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Once-Frail Ojai Hospital Now Is a Role Model for Survival

The rural 110-bed operation is viable after some difficult choices. Santa Paula facility's survival may depend on similar tough decisions.

March 03, 2003|Daryl Kelley | Times Staff Writer

As Santa Paula's tiny hospital struggles to survive, it might look 16 miles north over a twisting mountain pass to Ojai, where another small community hospital traveled the same uncertain road and then saved itself through change.

Owned by four hospital chains since 1987, the 110-bed Ojai Valley Community Hospital is now independent and stands today as the rare success story of a rural hospital that actually makes money.

Not much money. But any profit in these days of Darwinian competition and tight-fisted HMOs counts as a soaring achievement. Nearly two-thirds of all California hospitals are unprofitable, according to industry officials, and the plight of small rural hospitals looks even worse.

"Most rural hospitals are losing about 4% annually," said Ojai department store owner Alan Rains, who is chairman of the hospital board of directors. "So, if we're making a [slight] profit, that makes us stable."

For The Record
Los Angeles Times Tuesday March 04, 2003 Home Edition Main News Part A Page 2 National Desk 1 inches; 52 words Type of Material: Correction
Ojai hospital --A photo caption in Monday's California section incorrectly stated that Ojai Valley Community Hospital was rescued from impending bankruptcy two years ago. The hospital runs an operating profit and was not facing bankruptcy when community leaders purchased it in October 2000.

Ojai Valley netted $115,000 on revenue of $15.9 million for the fiscal year ending Sept. 30, officials said. That doesn't count $350,000 in gifts and donations. By comparison, Santa Paula's 49-bed hospital has lost about $13 million on operations its last five years, draining all reserves. Officials say it faces closure by summer and are studying a partnership with a larger medical center.

Ojai's facility also faced a harsh reality in recent years when the national chain that owned it raised the possibility of closure because of costly earthquake upgrades required by the state.

Its response was to remake itself step by uncomfortable step. Three years ago, hospital administrators closed the hospital's popular but money-losing maternity ward, angering prospective mothers who had counted on delivering their babies near home.

In October 2000, a group of local leaders borrowed $2.5 million and bought the Ojai hospital as a community foundation, putting it in the hands of local citizens for the first time since its opening in 1959.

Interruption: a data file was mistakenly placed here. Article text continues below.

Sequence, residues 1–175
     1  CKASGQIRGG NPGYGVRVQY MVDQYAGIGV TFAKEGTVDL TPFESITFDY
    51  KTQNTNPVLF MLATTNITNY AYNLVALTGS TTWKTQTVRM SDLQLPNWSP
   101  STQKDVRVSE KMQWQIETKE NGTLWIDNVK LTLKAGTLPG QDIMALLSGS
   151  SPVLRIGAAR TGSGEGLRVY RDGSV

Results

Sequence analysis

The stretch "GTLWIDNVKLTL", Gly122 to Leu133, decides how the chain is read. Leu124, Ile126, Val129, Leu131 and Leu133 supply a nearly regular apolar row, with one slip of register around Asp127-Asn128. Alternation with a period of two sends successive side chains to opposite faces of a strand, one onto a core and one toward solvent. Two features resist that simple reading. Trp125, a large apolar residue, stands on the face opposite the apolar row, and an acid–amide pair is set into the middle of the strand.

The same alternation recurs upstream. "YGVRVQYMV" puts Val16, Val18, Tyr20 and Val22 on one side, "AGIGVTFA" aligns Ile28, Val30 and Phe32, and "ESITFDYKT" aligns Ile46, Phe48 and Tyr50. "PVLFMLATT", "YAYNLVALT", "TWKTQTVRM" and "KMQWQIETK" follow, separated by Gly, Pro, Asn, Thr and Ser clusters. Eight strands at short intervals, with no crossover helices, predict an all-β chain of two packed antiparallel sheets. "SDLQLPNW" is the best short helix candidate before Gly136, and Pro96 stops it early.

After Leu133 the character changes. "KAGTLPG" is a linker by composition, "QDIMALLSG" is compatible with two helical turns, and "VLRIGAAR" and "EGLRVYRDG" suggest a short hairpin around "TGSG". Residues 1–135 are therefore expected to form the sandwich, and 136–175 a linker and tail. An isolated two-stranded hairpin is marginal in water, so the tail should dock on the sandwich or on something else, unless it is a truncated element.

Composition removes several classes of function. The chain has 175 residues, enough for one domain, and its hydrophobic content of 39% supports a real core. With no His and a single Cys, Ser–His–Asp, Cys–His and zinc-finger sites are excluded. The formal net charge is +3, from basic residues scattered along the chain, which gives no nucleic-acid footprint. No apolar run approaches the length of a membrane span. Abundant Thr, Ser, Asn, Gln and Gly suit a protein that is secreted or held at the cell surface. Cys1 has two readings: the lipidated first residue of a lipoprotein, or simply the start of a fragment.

Since then, the Ojai Valley Community Hospital Foundation has plowed $550,000 back into the facility, making upgrades deferred for many years. It hired a director of business and development to oversee marketing and fund-raising. Gifts and donations reached $350,000 last year as a group of volunteers acting as The Guild hosted a black-tie fund-raiser.

"People now understand that the hospital is a community-owned asset and that all of the funds that are generated are poured back into hospital improvement," Rains said.

The hospital converted the maternity ward space to money-making outpatient surgeries. It began to prepare its own meals for patients instead of contracting out. Ojai's third-largest employer with 280 workers, it increased wages and benefits. It also took every opportunity to get its name and good deeds in the local newspaper.

"The hospital has been able to generate some trust and respect," said Rains, who spearheaded the purchase drive. "It's now owned by the community."

The hospital also increased its efforts to reach out to the broader Ojai Valley community, buying a health clinic in Oak View last year.

That has increased the number of hospital patients from that community by 30%, Rains said. "It becomes a feeder to our hospital for cases where somebody needs general surgery."

Importantly, Ojai physicians have staunchly maintained their loyalty to the Ojai Valley hospital, routing as many patients there as possible. In Santa Paula, a principal hospital complaint is that too many local doctors refer patients to Ventura hospitals for treatment.

"There is a loyalty to this hospital," said family doctor Gordon Clawson, chief of the medical staff. "I like getting up in the morning and seeing my patients here," he said. "There would be a hardship to have to get up and go to Ventura. Even when the profit was going back to Tennessee and the [hospital chain] was leeching off the hospital, we still wanted to support that entity."

Ojai Valley has a built-in advantage over Santa Paula, as well. Sixty-six of its beds are dedicated to skilled nursing care, a profitable niche that targets Ojai's large senior citizen population and underwrites less-profitable services.

Comparing Santa Paula and Ojai Valley hospitals, "is not an apples-to-apples thing," said Monty Clark, regional vice president of the Hospital Assn. of Southern California. "A big portion of the revenues in Ojai come from their skilled nursing.

"But give them credit: The community of Ojai recognized that they couldn't be all things to all people with their hospital. Losing O.B. [obstetrics] was a tough choice," he said.

Ojai Valley has shown that a small hospital can remain viable by limiting services, fostering goodwill and finding an unfilled niche, Clark said.

Clawson said that eliminating baby deliveries was a necessary, but difficult, choice. He said it so upset his own wife, Kristen, that she vowed not to have another baby until Ojai Valley restored its obstetric services.

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